“Find happiness in ordinary things, and keep your sense of humor.” – President Boyd K. Packer
Are you in a position of leadership in your ward? Been newly called to the bishopric and now need to learn how to conduct a meeting? Or maybe you’re just a member of a congregation and you want to know how to play your part better at church functions? Never fear. If you are new to putting on an LDS meeting there are many resources available to you. You can look up the exact procedures of conducting in the Church handbooks. These are valuable resources and if you follow their guidelines you’ll do fairly well. But there’s more to conducting a Mormon meeting than what you’ll find in the book. Lucky for you, I am here to help. Here are some insider tips and pointers to make your next Mormon meeting a success.
#1: Conducting Music
No Mormon meeting is complete without music, and every song must have a conductor. It doesn’t matter if it’s a well-rehearsed choir number or a song in junior primary, you must have someone up front directing the singers. Those in the congregation may mistakenly believe that they can sing the song without direction because they have sung it two hundred times before. But such a belief is false doctrine. All songs require a conductor, always, all the time.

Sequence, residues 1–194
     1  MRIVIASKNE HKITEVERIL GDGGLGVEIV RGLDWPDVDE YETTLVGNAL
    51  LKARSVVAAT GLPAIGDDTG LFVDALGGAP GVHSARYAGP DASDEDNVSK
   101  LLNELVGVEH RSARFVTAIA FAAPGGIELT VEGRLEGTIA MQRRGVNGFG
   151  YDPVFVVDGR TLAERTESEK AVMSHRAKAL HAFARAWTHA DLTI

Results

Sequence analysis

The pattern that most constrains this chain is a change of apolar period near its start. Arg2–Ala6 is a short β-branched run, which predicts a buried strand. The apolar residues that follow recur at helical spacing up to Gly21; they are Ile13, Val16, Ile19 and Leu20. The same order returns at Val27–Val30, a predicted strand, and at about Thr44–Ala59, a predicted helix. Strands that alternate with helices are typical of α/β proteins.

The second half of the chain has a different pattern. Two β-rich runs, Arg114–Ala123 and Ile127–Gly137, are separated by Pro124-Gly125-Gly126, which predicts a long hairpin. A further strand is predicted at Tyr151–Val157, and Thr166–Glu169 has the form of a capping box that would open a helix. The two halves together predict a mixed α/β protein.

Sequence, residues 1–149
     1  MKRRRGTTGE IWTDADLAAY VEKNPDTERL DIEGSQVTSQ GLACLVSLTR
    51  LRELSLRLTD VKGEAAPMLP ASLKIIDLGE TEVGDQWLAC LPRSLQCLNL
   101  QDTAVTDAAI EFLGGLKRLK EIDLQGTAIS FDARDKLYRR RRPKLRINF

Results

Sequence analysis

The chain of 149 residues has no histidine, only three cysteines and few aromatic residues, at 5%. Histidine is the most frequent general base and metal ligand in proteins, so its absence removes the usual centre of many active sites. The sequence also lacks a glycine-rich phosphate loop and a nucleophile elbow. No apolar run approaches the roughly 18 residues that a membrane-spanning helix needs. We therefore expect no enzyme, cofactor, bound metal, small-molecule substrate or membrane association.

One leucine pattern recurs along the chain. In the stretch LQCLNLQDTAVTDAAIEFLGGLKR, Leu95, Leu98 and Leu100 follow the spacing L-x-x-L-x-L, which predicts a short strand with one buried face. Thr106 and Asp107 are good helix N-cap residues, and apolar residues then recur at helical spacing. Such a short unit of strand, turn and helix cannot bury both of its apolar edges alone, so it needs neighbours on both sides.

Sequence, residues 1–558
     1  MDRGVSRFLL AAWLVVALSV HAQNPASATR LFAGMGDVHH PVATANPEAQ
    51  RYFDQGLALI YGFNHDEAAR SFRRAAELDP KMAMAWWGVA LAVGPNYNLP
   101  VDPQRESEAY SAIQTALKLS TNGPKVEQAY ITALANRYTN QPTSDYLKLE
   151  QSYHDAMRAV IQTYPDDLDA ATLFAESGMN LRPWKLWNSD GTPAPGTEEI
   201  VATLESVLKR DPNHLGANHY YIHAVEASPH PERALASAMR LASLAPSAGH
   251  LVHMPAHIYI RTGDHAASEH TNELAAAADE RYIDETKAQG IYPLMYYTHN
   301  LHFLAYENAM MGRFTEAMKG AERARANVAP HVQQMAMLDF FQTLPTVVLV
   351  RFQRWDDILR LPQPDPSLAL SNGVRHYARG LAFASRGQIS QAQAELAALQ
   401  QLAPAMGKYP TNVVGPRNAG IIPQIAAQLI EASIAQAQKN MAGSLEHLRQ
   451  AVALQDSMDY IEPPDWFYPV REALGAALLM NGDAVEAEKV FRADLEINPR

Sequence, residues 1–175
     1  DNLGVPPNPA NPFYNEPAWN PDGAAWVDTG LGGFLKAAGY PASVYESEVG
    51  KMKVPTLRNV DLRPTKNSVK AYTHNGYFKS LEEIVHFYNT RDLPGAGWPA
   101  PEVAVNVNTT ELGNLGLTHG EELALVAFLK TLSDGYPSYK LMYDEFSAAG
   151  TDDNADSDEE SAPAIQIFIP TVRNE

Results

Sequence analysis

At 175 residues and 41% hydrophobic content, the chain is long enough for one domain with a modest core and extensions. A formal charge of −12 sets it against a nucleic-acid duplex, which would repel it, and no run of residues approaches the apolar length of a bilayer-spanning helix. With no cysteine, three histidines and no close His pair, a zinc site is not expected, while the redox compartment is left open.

When selecting your conductor for smaller meetings like Sunday school, don’t worry about whether the candidate actually knows how to lead music. Odds are the pianist will be facing the opposite direction anyway, happily plunking away, heedless of the “conducting” going on behind him. That’s okay. Just make sure someone is up front waving their hand and mouthing words and everything will go fine.
There are important things to know about singing time for those in the congregation, as well. When you’ve got a full chapel, odds are there won’t be enough hymnbooks to go around. That means some folks will have to share. Mormons have a very specific form of hymnal-sharing etiquette that must be observed to make the meeting run smoothly. Taking into account Alma’s charge to “bear one another’s burdens,” all good Mormons know that if you are sharing a hymnbook with someone next to you, it is your job to hold the half of the hymnbook closest to you with one hand.
No one knows why this is observed so strictly. The green songbooks tucked behind our pews are rarely so heavy that one needs help from a neighbor to lift it. Perhaps it just gives a feeling of closeness to the two people holding the hymnal. Regardless of the reason, this is a rule essential to any Mormon meeting.